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Costa Rica misses yet another deadline to lift ban on in vitro fertilization

April 24, 2014

Costa Rican lawmakers once again breezed past a deadline set by the Inter-American Court of Human Rights to legalize in vitro fertilization.

The online daily CRHoy.com reported that the legislature failed to reach a quorum to vote on the long-delayed bill that would reverse a decade-old ban on the fertility practice.

The vote planned for Thursday came down to the last hours of the 2013 legislative session, as lawmakers prepared to leave for their 46-day holiday recess. The Assembly returns to session on Feb. 4, 2014.

The failure to vote on the bill is another blow to President Laura Chinchilla’s legislative agenda as she wraps up the final months of her presidency.

Costa Rica is the only country in the Western Hemisphere to ban in vitro fertilization, a practice that fertilizes a woman’s egg outside the womb in instances where a couple cannot conceive.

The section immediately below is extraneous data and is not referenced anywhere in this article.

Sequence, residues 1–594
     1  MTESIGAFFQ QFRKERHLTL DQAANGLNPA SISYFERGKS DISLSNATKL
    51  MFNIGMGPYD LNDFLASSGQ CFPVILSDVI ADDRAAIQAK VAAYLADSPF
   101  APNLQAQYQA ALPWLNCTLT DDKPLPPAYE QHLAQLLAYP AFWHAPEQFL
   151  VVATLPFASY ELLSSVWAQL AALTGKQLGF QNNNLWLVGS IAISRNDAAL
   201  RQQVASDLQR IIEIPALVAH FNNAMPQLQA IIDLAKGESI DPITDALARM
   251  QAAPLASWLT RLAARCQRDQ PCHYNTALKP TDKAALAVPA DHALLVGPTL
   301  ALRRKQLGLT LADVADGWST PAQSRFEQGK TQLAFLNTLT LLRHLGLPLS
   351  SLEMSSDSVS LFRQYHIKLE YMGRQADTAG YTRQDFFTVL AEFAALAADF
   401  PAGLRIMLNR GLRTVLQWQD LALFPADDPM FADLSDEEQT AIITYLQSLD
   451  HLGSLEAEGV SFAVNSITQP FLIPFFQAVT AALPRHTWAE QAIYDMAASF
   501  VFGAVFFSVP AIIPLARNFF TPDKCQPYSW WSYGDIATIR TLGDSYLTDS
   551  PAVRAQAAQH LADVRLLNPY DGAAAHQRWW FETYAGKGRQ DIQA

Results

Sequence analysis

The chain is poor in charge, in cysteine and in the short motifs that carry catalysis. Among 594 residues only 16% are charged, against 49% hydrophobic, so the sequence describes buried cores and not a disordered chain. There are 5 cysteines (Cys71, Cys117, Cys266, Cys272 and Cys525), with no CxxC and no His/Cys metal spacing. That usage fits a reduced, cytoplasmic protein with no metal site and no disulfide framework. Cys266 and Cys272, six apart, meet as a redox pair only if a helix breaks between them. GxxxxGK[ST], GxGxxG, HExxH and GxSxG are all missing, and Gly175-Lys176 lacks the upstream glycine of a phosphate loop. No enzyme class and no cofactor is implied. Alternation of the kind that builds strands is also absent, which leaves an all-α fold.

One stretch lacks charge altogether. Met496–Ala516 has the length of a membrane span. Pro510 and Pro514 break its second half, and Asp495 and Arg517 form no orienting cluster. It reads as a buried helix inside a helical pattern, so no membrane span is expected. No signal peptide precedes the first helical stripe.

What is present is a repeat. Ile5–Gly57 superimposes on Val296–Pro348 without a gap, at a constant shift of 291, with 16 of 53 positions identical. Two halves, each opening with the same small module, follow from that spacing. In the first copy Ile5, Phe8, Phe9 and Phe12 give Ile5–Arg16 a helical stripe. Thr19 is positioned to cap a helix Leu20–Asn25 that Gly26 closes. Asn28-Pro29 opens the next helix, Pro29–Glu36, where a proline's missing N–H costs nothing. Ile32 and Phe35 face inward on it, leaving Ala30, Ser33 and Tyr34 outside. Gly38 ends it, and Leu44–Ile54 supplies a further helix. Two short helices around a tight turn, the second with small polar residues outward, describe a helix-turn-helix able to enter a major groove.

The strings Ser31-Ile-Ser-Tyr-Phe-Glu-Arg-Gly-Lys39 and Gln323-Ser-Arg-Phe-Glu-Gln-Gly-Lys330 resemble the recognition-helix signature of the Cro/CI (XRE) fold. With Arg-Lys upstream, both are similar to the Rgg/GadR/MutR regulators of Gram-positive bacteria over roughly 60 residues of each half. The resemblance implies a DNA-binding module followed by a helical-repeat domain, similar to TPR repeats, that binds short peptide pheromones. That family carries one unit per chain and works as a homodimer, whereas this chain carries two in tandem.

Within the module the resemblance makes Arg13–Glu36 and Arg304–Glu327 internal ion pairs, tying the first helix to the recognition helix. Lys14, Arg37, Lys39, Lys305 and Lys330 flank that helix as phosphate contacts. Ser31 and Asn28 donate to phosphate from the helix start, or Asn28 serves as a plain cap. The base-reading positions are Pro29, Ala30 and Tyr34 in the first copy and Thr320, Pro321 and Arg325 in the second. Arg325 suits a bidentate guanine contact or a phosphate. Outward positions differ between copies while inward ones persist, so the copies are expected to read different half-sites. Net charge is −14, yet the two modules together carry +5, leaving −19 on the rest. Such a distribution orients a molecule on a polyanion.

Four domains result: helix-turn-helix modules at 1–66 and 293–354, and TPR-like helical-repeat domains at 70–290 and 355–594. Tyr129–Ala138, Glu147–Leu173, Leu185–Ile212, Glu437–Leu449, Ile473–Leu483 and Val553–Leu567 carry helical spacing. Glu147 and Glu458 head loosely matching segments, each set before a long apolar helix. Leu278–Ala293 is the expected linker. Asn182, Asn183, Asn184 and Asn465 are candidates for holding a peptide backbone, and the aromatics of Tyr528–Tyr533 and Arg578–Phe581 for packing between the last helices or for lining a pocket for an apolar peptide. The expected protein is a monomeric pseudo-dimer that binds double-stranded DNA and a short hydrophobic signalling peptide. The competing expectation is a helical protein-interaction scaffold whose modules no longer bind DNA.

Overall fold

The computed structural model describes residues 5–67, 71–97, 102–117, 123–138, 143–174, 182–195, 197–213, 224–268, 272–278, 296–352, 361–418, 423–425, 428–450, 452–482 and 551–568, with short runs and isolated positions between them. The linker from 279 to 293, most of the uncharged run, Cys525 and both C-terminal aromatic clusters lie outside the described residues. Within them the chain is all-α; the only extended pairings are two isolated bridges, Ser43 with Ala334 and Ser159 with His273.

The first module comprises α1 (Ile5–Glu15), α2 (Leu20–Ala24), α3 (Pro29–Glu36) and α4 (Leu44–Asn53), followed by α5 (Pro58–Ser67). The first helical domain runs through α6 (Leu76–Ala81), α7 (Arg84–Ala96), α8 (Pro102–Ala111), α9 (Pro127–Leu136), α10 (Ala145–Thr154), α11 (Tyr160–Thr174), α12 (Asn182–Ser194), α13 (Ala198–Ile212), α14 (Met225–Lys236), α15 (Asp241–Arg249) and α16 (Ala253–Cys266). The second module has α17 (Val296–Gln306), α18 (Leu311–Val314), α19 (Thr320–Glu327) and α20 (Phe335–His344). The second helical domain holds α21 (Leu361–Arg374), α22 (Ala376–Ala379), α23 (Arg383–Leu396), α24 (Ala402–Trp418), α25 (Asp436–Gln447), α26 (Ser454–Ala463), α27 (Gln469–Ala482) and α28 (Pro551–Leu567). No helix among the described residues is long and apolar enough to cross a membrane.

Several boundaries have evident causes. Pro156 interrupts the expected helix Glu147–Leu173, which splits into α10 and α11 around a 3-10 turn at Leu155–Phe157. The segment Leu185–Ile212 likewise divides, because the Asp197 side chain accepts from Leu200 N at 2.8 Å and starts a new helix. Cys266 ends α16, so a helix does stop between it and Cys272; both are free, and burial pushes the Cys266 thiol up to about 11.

Friday was the latest deadline imposed by the San José-based human rights court for the government to extend access to the treatment to all interested Costa Ricans through the national public health system.

The Inter-American Commission on Human Rights determined that the ban on in vitro fertilization constitutes an arbitrary interference to the right to private and family life, the right to found a family, and the victims’ right to equal protection, according to an August 2011 press release from the IACHR.

When Costa Rica failed to act on the commission’s recommendations, the IACHR sent the case to the court in July 2011.

Since 2010, Costa Rica has missed every deadline to address the IACHR and the court’s recommendations, including one last month.

The daily La Nación reported that the bill’s language said a doctor would be able to fertilize eight embryos and place up to two fertilized eggs. The law also would have required the practice to be available throughout the country’s public health system.

Costa Rica’s Constitutional Chamber of the Supreme Court handed down the ban in 2000 under pressure from the Catholic Church and conservative lawmakers, who continue to fight against access to the treatment.

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